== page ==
Importantly, the “nation of immigrants” myth fed into the flawed “Bering Straits” theory of indigenous migration from Asia to the Americas some 12,000 years ago. Accordingly, Indians were the first immigrants. The Anglo settlers and others who came later were simply subsequent waves of immigrants coming in search of a better life. Historian Roxanne Dunbar-Ortiz debunked this “Bering Straits” theory. She argues that indigenous peoples were in the Americas at least 50,000 years before the English and other European settlers arrived. Recognition of this history is not permitted by the "nation of immigrants" myth. The plain truth is Native Peoples were dispossessed of their land.
      No president better embodies the federal government's irregular warfare against Native Americans than Andrew Jackson. It is not reassuring that President Trump has moved a statue of Jackson into the Oval Office. In contrast to Jackson Era policies, the Indian Restoration Act of 1934 created a framework for a measure of Native American self-governance. But many issues remained unresolved. After World War II the federal government turned away from policies supporting Native Peoples and turned toward policies that it believed would lead to the elimination of Native Peoples.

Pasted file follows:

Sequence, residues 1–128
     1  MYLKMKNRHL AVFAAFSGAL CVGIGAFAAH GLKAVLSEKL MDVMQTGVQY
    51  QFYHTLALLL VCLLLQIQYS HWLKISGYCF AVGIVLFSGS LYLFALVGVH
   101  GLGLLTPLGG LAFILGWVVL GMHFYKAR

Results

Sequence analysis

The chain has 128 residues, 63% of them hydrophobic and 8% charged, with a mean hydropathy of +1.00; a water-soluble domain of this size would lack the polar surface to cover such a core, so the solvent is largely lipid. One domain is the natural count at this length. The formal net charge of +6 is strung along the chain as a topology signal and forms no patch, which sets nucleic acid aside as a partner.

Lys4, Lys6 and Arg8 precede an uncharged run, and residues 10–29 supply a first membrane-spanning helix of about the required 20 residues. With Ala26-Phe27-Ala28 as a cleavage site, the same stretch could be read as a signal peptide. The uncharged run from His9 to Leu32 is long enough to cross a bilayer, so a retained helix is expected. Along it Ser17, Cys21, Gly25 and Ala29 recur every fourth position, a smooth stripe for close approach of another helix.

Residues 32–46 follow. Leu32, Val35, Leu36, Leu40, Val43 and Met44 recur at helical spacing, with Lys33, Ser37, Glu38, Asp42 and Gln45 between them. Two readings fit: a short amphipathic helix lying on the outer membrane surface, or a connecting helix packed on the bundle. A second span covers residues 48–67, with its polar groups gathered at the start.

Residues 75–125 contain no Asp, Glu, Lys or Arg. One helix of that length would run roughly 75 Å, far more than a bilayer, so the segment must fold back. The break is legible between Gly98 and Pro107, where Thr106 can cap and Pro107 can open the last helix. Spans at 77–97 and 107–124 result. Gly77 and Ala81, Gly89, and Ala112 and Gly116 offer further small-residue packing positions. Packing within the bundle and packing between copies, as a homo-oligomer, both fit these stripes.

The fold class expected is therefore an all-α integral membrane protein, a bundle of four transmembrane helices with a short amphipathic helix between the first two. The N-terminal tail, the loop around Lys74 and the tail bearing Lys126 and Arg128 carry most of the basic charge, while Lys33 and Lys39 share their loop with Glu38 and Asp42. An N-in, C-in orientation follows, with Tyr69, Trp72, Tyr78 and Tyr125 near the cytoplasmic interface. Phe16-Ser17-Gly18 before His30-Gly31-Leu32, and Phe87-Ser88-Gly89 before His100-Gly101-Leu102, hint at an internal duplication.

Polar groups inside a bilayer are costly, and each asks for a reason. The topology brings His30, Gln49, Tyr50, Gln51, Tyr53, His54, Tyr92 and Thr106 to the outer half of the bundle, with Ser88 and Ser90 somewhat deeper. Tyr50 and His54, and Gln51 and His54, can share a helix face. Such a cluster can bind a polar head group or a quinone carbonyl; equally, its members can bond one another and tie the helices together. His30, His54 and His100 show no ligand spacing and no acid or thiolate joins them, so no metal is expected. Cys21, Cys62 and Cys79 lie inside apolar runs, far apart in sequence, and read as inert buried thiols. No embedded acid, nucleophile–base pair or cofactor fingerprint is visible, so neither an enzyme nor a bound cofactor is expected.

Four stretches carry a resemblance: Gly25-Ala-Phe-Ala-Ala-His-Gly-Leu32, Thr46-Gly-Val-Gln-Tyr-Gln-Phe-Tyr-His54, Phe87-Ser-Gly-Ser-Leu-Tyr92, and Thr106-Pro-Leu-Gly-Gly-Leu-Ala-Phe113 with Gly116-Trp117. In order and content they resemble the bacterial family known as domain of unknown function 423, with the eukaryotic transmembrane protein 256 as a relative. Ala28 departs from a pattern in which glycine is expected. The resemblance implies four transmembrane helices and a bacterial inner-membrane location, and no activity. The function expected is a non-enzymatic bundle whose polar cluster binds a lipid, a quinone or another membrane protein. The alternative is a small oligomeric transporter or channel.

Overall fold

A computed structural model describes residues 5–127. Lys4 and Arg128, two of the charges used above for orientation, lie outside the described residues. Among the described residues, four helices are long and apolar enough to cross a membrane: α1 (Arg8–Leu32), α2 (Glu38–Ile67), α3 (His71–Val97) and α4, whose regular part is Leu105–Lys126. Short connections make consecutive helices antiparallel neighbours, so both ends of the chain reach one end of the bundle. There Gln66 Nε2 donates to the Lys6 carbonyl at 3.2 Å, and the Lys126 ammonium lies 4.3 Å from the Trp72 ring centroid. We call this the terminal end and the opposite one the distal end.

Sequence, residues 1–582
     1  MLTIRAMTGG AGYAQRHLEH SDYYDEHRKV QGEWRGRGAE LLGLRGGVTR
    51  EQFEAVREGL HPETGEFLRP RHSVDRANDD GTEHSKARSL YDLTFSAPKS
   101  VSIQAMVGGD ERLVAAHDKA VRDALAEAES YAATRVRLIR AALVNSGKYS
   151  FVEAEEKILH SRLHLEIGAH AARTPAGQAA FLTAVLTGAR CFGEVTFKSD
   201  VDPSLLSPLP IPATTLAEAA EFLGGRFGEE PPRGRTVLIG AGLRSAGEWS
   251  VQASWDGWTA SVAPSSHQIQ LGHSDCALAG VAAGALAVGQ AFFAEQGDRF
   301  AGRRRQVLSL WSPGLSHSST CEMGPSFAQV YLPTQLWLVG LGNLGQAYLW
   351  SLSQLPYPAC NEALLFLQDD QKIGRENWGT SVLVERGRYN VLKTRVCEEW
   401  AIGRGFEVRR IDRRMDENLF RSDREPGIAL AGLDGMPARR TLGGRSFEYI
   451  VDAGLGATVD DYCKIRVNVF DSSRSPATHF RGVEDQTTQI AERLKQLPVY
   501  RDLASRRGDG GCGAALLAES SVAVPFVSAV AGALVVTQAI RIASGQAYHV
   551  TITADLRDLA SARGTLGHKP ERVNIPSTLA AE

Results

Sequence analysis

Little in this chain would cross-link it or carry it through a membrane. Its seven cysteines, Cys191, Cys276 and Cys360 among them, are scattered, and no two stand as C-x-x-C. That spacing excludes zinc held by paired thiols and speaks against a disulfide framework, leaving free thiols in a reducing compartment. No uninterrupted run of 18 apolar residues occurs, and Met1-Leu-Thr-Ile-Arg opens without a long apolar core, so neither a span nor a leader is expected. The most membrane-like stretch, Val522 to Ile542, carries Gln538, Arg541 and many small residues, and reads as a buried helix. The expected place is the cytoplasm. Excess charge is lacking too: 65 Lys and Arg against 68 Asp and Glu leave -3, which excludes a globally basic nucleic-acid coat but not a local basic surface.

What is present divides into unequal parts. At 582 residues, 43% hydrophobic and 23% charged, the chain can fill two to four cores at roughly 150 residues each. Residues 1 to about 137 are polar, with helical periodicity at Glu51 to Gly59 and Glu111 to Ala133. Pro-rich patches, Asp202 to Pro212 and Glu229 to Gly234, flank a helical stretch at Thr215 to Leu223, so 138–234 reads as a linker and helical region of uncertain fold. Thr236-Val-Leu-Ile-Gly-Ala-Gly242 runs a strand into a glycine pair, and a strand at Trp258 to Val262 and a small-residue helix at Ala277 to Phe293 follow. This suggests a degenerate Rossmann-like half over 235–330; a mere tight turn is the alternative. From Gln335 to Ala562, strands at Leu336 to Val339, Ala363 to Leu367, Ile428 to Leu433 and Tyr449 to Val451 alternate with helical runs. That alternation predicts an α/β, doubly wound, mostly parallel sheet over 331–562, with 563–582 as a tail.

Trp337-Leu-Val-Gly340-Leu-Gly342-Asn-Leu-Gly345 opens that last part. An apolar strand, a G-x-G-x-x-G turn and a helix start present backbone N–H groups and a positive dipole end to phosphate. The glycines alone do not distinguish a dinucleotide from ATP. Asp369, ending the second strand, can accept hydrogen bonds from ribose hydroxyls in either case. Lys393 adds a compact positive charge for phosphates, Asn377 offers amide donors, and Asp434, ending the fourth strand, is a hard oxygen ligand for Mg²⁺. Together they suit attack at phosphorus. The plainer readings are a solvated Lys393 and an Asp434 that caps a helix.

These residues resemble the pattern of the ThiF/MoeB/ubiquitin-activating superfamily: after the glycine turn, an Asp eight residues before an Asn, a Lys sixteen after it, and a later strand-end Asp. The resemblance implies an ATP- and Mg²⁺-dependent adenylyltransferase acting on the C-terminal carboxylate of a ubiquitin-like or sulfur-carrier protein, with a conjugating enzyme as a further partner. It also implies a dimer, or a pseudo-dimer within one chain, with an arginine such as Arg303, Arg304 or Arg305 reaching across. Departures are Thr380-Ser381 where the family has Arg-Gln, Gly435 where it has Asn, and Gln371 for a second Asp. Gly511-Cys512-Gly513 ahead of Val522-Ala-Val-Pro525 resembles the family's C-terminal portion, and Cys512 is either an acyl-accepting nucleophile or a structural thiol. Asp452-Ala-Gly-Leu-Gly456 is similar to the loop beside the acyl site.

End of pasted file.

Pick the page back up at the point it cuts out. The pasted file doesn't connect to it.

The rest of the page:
Congress adopted House Concurrent Resolution 108, the Termination Act, on August 1, 1953. The stated purpose of the Termination Act was "free those tribes listed from Federal supervision and control." The termination policy meant that federal trust protection and transfer payments guaranteed by treaties and other agreements would end. That same year, 1953, Congress enacted Public Law 280, which transferred all tribal court jurisdiction to respective state courts. As a result of these acts of Congress, 109 tribes were terminated, approximately 2.5 million acres of Indian trust land was removed from protected status and sold to whites, 12,000 Native Americans lost tribal recognition, and tribal governments lost their right to govern. The termination policy was not ended until 1968. Tribes and individuals harmed by the termination policy have not been made whole for the loss they suffered or fully compensated for the damages caused by the government’s action.